On Thursday, some gay rights advocates will attend a $12 million Hollywood fundraiser at the Los Angeles home of actor George Clooney, co-hosted with DreamWorks Animation CEO Jeffrey Katzenberg. Next week in New York, the president will receive Barnard College’s Medal of Distinction and deliver the commencement address, alongside fellow honoree Evan Wolfson, founder of advocacy group Freedom to Marry. And on Monday in New York, the president will attend a fundraiser for gay rights supporters. On June 6, leading into annual gay pride events in Los Angeles, the president expects to return to the West Coast to headline an event for the lesbian, gay, bisexual and transgender community, at which rocker Pink is expected to perform.
In short, it’s all about the money. Obama’s fundraising is not matching 2008 levels, and Romney has plenty of SuperPAC cash running in. The Obama campaign is making a calculated play here: they are thinking that the gay marriage issue will help him enough with big-money donors that it won’t matter that he’s potentially hurting his standing with key swing voters. After all, African-Americans are going to vote for Obama at a rate of 90%+ no matter what—so why does Obama care whether they are the most strongly anti-SSM group in the country? The worst that could happen is that they stay home, and even if that happens, Obama is hoping that he’ll have enough margin elsewhere to make up for those losses.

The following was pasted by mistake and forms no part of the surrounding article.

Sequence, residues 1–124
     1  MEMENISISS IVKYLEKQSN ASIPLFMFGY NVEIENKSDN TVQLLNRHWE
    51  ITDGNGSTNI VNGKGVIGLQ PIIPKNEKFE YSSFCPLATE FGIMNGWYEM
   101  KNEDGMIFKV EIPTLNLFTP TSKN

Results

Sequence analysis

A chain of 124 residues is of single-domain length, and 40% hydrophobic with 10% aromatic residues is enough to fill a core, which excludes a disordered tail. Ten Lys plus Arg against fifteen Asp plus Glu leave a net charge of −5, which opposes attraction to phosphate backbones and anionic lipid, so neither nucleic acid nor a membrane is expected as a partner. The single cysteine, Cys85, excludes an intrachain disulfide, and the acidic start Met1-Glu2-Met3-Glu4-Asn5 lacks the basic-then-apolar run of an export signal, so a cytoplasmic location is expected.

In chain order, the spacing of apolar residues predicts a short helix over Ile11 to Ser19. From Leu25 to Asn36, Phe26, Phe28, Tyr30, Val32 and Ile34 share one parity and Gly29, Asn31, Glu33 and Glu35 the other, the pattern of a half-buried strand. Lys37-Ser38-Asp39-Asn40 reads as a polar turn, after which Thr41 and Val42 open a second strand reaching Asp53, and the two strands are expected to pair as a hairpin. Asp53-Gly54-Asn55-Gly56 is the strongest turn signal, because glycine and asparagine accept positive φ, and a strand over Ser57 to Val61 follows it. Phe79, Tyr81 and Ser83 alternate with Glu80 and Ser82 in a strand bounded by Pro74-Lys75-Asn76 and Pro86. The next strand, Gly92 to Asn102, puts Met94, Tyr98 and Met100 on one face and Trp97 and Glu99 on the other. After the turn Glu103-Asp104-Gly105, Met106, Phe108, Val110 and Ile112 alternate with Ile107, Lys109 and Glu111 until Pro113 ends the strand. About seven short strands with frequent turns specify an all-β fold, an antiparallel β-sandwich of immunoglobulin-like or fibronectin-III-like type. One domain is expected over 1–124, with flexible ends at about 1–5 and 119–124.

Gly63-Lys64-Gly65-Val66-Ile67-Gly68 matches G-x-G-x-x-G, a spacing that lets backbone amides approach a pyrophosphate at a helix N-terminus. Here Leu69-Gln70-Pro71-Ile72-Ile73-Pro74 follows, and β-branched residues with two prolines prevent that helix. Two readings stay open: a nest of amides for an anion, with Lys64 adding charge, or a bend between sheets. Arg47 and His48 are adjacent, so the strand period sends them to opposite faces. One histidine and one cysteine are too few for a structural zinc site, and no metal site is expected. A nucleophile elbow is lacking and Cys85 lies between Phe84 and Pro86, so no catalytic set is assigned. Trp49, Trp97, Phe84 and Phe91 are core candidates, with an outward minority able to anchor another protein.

There’s also the youth vote: Obama knows that gay marriage is much more popular with younger voters than it is with older ones. But younger voters are the ones that have been hit the hardest in the Obama economy, and they’re not nearly as motivated to go out and vote for Obama as they were four years ago. By highlighting the gay marriage issue, Obama is hoping to get those 20-something voters to get out again.
And of course, this is also part and parcel of the Obama campaign’s plan: do whatever it takes to distract voters from the state of the economy. The Obama team has access to the same numbers that the rest of us do, and they know that their idea of running on an economic recovery is looking less and less realistic as more bad news keeps dribbling out. So the Obama campaign is doing whatever it can to focus attention on anything but economic issues: they’ve tried to launch the “war on women” meme, they “spiked the football” on the bin Laden killing, and now the President is going gaga for gay marriage. It’s a transparent attempt at distraction.